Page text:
The midsized car segment in the US is not as badly in dire straits as in Europe (-19%), but a 7% decline is still more than the overall car market and decreases its share of the market from 13% to 12.3%. However, when looking at just the sedan (non-SUV) market, the midsized segment actually outperforms its peers and improves its share from 42.2% to 44.3%. The Toyota Camry gains share thanks to a 2% loss in 2019, and thanks to the Honda Accord’s 8% decline, the Camry now has an almost 70,000 sales advantage over its nearest rival. The Nissan Altima sees stable sales in 2019 thanks to the new generation, and the same reason helps the Subaru Outback to a 1% gain, which adds one percentage point of share to both nameplates. When combining sales of the Outback and its sedan cousin Legacy, Subaru holds the #3 spot in this segment. Very impressive for what used to be a niche brand. [Read more…]
Segment sees sales decline lessen as barrage of new models hope to recover ground lost to crossovers
Sales in the US Mid-sized segment fell by 5.8% to 822,522 in the first half of 2019, a slightly less bad performance than the 10% plus sales decline the model experienced in 2017 and 2018. What’s more, while the sheen of newness may be coming off the latest Toyota Camry and Honda Accord, and the Ford Fusion leaving the segment, there will be [Read more…]
Segment experiences second year of double-digit sales decline as Camry and Accord fail to reignite sales
Sales in the US Mid-sized segment fell by 13.7% to 1,697,498 in 2018, making it the second year in a row that sales in the segment have declined by more than 10%. With sales down by a third since their peak in 2015, the Mid-sized segment is another piece of evidence just how quick the shift toward crossovers has been over the past few years. [Read more…]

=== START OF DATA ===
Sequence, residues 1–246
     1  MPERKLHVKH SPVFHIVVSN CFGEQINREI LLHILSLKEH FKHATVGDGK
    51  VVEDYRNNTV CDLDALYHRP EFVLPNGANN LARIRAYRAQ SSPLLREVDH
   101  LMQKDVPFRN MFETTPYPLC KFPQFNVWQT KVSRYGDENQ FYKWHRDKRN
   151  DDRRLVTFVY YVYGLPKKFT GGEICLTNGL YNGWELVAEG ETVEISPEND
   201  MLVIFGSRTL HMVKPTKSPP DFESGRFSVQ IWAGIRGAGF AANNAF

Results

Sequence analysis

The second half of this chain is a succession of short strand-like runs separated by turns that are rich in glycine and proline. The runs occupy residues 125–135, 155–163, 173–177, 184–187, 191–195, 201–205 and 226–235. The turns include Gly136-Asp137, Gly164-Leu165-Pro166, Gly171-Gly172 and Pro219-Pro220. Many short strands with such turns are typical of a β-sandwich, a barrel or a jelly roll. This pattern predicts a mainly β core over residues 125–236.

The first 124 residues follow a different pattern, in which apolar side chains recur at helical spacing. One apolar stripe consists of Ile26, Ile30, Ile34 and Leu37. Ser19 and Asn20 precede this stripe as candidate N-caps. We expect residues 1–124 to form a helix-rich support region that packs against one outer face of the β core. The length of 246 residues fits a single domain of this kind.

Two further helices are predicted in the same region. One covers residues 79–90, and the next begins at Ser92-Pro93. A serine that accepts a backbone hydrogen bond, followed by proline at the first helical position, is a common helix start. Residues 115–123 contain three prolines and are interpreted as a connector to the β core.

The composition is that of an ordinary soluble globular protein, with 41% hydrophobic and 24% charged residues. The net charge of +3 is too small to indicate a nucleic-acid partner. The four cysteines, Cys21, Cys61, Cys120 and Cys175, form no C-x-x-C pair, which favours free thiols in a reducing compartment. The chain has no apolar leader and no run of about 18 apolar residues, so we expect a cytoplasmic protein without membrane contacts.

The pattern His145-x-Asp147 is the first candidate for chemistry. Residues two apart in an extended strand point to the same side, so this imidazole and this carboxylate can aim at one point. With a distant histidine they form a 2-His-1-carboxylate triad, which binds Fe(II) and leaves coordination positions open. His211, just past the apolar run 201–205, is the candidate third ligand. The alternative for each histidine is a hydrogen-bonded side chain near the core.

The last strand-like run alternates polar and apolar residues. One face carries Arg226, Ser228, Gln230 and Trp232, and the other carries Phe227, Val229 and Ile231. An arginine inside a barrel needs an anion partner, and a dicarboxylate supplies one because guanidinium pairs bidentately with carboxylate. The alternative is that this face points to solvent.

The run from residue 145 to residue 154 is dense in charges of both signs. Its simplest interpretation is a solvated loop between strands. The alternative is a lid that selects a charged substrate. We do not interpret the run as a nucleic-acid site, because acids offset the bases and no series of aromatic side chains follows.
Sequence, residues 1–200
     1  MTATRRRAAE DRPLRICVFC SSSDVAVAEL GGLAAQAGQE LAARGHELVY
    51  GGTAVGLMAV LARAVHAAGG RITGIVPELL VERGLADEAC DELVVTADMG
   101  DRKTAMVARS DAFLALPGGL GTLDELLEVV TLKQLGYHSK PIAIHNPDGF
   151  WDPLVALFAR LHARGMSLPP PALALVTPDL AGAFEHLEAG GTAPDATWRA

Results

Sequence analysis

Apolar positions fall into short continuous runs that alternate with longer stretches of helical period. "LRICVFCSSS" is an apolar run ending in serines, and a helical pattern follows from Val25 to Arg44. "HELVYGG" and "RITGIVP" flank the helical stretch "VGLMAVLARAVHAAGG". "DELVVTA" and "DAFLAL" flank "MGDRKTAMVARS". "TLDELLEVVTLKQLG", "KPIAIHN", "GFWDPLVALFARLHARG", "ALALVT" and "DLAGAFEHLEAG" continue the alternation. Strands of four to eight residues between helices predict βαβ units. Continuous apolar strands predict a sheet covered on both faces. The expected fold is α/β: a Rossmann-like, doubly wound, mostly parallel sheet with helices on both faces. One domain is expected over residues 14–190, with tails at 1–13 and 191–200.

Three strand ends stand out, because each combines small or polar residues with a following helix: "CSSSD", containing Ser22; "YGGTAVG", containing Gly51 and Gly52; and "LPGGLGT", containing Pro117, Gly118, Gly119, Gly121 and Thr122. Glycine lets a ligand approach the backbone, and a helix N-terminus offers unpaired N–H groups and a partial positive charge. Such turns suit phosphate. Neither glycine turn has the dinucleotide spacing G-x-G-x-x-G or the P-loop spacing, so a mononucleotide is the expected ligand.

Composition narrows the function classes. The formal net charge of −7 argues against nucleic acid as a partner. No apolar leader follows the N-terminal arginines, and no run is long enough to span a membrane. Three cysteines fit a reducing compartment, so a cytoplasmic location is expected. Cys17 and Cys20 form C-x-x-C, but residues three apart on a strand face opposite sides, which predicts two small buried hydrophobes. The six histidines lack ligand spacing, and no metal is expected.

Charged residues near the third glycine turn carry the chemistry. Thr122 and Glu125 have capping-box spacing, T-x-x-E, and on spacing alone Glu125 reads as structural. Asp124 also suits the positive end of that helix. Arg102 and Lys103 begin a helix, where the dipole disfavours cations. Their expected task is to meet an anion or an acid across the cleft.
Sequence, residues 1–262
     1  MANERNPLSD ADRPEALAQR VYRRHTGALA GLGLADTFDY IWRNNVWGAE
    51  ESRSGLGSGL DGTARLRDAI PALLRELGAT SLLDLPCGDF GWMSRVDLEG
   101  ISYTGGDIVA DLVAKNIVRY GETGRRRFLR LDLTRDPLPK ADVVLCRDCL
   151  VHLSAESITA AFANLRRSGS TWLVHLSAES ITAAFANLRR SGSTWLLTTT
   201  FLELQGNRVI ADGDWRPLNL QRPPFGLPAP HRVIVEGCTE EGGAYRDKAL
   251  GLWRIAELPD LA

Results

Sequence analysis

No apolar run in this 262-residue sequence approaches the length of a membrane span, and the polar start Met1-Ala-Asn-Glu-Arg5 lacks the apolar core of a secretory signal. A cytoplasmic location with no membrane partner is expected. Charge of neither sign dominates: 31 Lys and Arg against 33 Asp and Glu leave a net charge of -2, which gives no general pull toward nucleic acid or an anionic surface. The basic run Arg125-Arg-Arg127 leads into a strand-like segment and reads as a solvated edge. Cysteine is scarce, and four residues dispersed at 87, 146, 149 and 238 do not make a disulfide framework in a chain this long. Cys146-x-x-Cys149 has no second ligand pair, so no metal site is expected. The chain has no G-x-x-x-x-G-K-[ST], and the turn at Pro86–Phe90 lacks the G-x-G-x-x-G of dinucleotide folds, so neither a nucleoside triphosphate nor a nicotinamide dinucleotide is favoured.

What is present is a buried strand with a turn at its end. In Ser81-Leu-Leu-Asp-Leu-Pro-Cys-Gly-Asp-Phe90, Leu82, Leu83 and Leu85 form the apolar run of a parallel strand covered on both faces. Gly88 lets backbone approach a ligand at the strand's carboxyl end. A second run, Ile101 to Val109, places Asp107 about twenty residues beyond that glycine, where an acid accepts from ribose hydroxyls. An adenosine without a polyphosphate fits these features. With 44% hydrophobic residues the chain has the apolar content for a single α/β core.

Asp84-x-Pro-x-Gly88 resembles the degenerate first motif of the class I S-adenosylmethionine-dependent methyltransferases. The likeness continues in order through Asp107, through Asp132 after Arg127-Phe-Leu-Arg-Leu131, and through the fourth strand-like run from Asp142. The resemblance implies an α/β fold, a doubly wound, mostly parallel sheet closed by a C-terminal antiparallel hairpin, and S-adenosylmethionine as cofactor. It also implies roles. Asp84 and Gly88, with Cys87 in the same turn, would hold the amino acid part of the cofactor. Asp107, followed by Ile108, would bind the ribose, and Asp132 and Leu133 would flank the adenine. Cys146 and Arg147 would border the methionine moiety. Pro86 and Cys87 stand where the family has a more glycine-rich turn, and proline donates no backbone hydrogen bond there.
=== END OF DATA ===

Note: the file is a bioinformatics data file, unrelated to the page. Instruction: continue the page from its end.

New Camry and Accord sales fall, while revised Mazda6 and Honda Clarity perform well at the bottom of the standings
Sales in the US Mid-sized segment fell by 12.4% to 872,876 in the first half of 2018, with the rate of decline being very close to 12% in both quarters in 2018 so far. Such a performance will be disappointing to those who thought that new, more assertive models such as Toyota Camry and Honda Accord could breathe life into the declining segment. [Read more…]
Toyota Camry and Subaru Outback gain sales as Ford abandons declining segment
Sales in the Mid-sized segment fell by 12.7% to 412,667 in the first quarter of 2018, a slightly slower pace of decline than in the fourth quarter of 2017 or the previous year as a whole, but a substantial decline nonetheless. With Ford announcing that it will discontinue the Fusion is now clear that the segment which was the go-to place for family [Read more…]
Segment shrinks by 15% as customers abandon it for crossovers
Sales in the US mid-sized segment fell by 17.9% to 453,359 in the fourth quarter of 2017, and by 15.1% to 1,963,757 for 2017 as a whole – the first time the segment has dipped below the 2 million mark since 2010. What’s more, the malaise is pretty much evenly spread amongst all models, with only one model seeing its sales rise in the final [Read more…]
Every mid-sized model bar the Subaru Outback has lost sales in 2017 so far